Do U.S. citizens pay a percentage of their taxes to the queen of England via the IRS, and is the IRS not part of the federal government? No, that's not true: The Internal Revenue Service (IRS) is a bureau of the U.S. Department of the Treasury, which is an executive department of the U.S. federal government. To avoid double taxation for U.S. expatriates and other potential tax complications, the U.S. has tax treaties with various countries like the United Kingdom.
The claim originated as a statement made in an inquiry on the website What Do They Know, which assists users in submitting a Freedom of Information request in the U.K. It reappeared in an Instagram post (archived here) published on June 23, 2021. The post was a screenshot of the portion of the What Do They Know inquiry that reads:
Americans pay a percentage of their taxes to the Queen of England via the IRS. The IRS is not an agency of the Federal Government. It is an agency of the International Monetary Fund which is an agency of the United Nations. No law has ever been passed legalizing the charging of income tax.
The caption of the post read:
This is how the post appeared on Instagram on June 24, 2021:
(Source: Instagram screenshot taken on Thu Jun 24 21:06:14 2021 UTC)
The claim conflates general tax law with U.S. expatriate tax treaties. The original tax treaty between the U.S. and the U.K. was signed in 1975 and modified in 1976. It was replaced in 2001 and is called "The Convention between the Government of the United States of America and the Government of the United Kingdom of Great Britain and Northern Ireland for the Avoidance of Double Taxation and the Prevention of Fiscal Evasion with Respect to Taxes on Income and Capital Gains." According to an article from tax preparation services company H&R Block, this treaty is not an unusual agreement:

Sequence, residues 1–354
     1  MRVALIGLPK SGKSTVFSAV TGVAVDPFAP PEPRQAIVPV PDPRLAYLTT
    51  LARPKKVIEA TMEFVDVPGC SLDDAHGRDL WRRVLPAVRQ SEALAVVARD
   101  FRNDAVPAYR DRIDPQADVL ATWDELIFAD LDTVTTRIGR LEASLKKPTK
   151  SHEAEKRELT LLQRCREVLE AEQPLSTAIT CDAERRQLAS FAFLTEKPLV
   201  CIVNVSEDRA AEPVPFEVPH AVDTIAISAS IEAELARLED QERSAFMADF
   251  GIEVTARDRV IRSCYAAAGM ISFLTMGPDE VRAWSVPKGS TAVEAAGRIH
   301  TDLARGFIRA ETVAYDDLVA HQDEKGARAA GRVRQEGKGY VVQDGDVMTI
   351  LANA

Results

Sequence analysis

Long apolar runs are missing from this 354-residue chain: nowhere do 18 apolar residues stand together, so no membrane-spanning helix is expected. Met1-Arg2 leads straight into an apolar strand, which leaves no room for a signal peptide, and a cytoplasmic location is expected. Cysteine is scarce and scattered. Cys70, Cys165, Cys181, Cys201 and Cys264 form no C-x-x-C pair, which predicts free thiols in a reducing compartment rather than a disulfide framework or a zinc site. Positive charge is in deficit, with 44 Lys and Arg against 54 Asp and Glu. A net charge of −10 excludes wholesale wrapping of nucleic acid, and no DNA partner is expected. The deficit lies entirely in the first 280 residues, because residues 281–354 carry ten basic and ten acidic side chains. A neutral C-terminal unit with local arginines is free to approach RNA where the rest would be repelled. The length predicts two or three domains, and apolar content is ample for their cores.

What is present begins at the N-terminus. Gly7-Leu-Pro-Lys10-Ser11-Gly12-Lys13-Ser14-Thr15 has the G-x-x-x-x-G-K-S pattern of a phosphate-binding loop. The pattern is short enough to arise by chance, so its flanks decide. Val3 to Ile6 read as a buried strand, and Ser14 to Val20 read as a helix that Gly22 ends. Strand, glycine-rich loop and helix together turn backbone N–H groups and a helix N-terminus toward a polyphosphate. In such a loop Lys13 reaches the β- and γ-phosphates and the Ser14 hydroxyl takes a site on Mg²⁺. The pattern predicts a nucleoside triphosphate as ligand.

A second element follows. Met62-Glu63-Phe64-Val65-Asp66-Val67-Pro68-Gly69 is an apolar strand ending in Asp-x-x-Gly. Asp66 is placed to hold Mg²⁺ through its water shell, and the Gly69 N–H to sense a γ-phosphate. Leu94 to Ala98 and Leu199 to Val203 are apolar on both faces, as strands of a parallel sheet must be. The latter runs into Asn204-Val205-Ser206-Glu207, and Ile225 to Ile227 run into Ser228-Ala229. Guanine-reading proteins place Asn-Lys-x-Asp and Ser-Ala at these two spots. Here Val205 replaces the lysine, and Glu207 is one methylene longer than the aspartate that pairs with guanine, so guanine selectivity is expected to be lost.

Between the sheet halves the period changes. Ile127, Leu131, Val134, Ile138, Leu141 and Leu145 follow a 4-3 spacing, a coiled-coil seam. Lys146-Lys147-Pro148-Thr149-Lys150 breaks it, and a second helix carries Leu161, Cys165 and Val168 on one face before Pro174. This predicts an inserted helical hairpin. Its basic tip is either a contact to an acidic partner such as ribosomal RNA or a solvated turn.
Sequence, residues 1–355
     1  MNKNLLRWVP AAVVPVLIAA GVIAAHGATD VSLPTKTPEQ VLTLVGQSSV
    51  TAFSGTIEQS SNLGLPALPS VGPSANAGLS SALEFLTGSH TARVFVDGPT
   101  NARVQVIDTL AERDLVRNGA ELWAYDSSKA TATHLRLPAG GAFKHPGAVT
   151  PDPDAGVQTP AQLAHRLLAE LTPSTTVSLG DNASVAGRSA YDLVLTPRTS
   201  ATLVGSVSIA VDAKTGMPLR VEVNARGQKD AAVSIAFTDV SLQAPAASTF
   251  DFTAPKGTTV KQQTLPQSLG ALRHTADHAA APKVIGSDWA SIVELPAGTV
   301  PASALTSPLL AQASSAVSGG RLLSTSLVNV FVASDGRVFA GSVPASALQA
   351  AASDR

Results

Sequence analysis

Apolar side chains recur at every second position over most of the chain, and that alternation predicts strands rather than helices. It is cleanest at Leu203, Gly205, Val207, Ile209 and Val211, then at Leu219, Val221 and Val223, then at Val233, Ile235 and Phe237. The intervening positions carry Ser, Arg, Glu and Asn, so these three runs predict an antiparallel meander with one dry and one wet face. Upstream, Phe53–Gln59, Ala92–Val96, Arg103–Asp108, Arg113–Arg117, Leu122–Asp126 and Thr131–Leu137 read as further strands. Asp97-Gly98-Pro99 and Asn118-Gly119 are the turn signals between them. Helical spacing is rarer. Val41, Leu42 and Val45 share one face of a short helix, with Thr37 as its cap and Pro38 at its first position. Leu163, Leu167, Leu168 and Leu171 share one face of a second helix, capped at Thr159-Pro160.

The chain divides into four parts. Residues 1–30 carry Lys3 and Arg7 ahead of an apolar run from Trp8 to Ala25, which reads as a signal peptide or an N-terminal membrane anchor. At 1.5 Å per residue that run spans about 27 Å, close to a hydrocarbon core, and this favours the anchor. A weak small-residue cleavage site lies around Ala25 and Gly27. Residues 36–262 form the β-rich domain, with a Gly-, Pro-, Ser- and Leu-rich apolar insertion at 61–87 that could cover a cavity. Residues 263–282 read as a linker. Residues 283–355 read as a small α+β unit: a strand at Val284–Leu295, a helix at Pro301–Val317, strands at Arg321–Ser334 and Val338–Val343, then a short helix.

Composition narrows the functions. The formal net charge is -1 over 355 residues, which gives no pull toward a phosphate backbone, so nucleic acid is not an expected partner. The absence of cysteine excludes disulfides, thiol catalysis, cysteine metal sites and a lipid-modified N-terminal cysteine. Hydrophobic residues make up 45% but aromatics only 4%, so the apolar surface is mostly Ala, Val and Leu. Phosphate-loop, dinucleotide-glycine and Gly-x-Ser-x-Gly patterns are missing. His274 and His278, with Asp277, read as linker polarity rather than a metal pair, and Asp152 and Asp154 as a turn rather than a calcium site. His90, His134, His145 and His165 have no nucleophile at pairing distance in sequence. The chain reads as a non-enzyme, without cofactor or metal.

To ease the tax burden on Americans living abroad, the U.S. is party to dozens of tax treaties with countries around the globe. The U.S./U.K. tax treaty is one of them, and it protects U.S. expats in the U.K. from paying more than their fair share of U.S. taxes.
The portion of the claim that addresses the IRS' organizational background is also false. The IRS states on its website that it is in fact a bureau in the U.S. federal government:
The IRS is a bureau of the Department of the Treasury and one of the world's most efficient tax administrators.
While it is true that the International Monetary Fund (IMF) is a multinational organization that is overseen by the United Nations, it is not the organization in charge of the IRS, according to the Department of the Treasury:
The IMF is an organization of 189 member countries that works to foster global monetary cooperation, secure financial stability, facilitate international trade, promote high employment and sustainable economic growth, and reduce poverty around the world. The Secretary of the Treasury serves as the U.S. Governor to the IMF, and the U.S. Executive Director of the IMF is one of 24 directors who exercise voting rights over the strategic direction of the institution. The U.S. is the largest shareholder in the Fund.
The 16th Amendment of the U.S. Constitution legalizes the implementation and execution of income taxes. This practice continues today, as explained in this excerpt from the Legal Information Institute:
The Internal Revenue Code is today embodied as Title 26 of the United States Code (26 U.S.C.) and is a lineal descendant of the income tax act passed in 1913, following ratification of the Sixteenth Amendment. Most states also maintain an income tax, while some do not. However, all residents and all citizens of the United States are subject to the federal income tax.
As for the original inquiry submitted on What Do They Know as a Freedom of Information request, Her Majesty's Treasury, the U.K.'s economic and finance ministry, said that it did not hold any information within the scope of the inquiry.